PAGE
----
No, it is not. It appears to be a counterexample only if we confuse the

metalanguage with the object language. This last statement is a statement in the

metalanguage, and the first occurrence of of in it is part of that statement. But the

second occurrence of of is different: this is merely a piece of the object language,

one which we happen to be talking about here. That is, the first of is doing what

of normally does, while the second of is doing nothing at all: it is merely being

talked about. If this is not obvious, observe what happens when the object

language is French: the grammatical functions of de in French are numerous.


Here it should be easy to see that the French preposition de is doing nothing in this

English sentence except being talked about.

The two instances of of are an example of what philosophers call the use—

mention distinction: the first of is being used normally, while the second is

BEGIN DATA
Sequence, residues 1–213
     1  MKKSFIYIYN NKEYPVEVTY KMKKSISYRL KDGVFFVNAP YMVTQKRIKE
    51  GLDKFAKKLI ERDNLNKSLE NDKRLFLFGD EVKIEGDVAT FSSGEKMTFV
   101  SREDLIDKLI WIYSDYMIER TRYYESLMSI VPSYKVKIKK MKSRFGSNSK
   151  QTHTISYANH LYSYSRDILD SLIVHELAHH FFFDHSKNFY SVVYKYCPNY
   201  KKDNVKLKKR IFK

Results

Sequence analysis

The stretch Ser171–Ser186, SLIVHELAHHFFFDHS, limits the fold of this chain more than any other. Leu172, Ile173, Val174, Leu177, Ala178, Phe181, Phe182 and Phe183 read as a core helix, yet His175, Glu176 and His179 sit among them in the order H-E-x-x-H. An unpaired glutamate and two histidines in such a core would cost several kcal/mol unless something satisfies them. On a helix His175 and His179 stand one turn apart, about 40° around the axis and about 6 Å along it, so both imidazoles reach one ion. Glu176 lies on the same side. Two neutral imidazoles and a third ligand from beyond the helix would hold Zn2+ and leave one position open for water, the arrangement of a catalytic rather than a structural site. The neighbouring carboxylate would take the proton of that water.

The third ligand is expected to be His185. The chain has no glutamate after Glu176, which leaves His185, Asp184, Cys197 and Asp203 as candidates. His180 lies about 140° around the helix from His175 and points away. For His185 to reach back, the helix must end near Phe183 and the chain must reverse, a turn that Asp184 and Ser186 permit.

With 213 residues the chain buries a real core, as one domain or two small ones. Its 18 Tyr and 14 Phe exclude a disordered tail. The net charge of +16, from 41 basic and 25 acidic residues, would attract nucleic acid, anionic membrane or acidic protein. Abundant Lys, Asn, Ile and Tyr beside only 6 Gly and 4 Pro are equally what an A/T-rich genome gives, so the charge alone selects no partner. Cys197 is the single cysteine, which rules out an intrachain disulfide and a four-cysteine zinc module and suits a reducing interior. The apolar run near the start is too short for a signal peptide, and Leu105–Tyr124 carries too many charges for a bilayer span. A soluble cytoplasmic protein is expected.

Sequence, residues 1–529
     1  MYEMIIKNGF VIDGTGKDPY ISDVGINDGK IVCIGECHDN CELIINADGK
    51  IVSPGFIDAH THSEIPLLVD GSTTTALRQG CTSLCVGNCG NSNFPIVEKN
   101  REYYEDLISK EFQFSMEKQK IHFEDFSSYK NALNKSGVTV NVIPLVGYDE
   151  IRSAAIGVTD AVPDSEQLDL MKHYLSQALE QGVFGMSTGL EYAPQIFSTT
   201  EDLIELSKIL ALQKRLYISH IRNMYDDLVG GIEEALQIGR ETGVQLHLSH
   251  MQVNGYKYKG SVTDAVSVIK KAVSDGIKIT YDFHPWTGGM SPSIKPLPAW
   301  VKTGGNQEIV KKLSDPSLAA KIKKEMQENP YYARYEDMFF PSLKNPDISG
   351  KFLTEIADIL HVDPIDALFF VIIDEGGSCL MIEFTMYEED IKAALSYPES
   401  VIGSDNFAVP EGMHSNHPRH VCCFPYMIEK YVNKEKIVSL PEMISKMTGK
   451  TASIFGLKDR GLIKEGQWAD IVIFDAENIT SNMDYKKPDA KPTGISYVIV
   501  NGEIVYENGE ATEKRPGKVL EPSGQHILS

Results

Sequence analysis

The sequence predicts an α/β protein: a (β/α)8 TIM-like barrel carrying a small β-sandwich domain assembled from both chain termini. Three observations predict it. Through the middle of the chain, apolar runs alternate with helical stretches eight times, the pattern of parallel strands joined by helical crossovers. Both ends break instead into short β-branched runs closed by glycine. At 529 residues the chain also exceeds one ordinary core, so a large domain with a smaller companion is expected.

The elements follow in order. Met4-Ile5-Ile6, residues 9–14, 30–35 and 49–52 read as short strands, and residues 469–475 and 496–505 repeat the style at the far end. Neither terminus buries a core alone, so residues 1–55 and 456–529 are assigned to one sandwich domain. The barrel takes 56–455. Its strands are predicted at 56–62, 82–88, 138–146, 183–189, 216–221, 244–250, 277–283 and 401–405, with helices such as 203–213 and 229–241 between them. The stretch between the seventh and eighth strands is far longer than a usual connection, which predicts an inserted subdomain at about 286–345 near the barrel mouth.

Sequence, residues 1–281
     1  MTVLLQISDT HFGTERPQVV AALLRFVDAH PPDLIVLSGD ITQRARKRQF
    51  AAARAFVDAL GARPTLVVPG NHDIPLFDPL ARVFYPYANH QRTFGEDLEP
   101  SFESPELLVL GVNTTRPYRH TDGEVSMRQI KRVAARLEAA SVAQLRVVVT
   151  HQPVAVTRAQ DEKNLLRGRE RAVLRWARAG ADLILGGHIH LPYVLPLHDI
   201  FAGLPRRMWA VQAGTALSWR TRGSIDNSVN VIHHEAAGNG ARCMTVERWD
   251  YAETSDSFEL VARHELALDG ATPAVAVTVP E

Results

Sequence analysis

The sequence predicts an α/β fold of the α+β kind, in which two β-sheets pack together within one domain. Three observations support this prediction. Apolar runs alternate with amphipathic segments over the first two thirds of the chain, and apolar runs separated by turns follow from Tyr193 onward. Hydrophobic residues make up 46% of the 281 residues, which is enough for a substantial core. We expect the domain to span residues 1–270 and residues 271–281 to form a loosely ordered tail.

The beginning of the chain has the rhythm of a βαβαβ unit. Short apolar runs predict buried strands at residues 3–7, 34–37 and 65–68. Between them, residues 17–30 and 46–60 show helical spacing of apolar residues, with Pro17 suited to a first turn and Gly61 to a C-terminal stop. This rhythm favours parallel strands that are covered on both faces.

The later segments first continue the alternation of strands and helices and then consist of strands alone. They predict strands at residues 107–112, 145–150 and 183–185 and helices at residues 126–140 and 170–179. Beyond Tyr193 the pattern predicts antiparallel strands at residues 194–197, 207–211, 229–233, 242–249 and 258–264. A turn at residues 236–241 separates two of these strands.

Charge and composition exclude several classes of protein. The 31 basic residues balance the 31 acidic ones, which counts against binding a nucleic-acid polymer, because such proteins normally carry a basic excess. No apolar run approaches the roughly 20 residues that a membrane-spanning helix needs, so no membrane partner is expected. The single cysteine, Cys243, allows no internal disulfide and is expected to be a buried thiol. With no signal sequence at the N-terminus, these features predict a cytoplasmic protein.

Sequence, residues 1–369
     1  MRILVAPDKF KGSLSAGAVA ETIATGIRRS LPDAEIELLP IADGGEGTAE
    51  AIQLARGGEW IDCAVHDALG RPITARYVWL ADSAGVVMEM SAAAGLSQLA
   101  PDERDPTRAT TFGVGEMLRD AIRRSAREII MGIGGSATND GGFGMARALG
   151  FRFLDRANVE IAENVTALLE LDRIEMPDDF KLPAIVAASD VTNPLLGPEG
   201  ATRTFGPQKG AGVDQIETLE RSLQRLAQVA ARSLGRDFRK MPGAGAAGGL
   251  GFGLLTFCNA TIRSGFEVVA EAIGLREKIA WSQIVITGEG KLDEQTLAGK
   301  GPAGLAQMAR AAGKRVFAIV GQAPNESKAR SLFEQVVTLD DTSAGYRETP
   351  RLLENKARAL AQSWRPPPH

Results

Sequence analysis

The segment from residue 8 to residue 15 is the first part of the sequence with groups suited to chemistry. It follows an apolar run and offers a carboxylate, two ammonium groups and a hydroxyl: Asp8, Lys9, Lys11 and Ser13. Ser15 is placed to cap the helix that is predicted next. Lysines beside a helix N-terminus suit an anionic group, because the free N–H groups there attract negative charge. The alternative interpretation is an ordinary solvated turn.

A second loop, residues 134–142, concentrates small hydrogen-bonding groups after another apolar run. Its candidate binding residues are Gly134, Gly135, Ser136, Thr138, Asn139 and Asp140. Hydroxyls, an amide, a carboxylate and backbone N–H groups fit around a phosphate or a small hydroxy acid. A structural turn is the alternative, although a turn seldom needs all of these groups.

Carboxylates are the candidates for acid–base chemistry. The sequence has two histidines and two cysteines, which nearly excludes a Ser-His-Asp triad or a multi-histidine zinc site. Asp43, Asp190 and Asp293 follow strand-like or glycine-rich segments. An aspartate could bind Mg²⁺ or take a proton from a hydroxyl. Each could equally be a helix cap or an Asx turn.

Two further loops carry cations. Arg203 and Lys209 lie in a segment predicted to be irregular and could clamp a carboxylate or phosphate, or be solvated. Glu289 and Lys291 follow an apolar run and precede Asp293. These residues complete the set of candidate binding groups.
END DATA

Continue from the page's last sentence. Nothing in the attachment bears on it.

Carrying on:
merely being mentioned (talked about).

At the very least, when we use English as a metalanguage to talk about

languages, we need to invoke a battery of technical terms and concepts, just as a

specialist studying physics, music or psychology needs to invoke technical terms

and concepts. In fact, we sometimes go further, and invent a special artificial

language to use as our metalanguage. The various types of formal logic used by

logicians, philosophers and linguists for describing English and other languages

are just this: specially invented metalanguages.

Further reading: Lyons, 1995:6–11.

metaphor The non-literal use of a linguistic form, designed to draw attention to

a perceived resemblance. The literary use of metaphors is ancient and well

studied, and the fields of rhetoric and literary criticism have developed a

formidable battery of Greek terms for naming many different kinds of metaphor.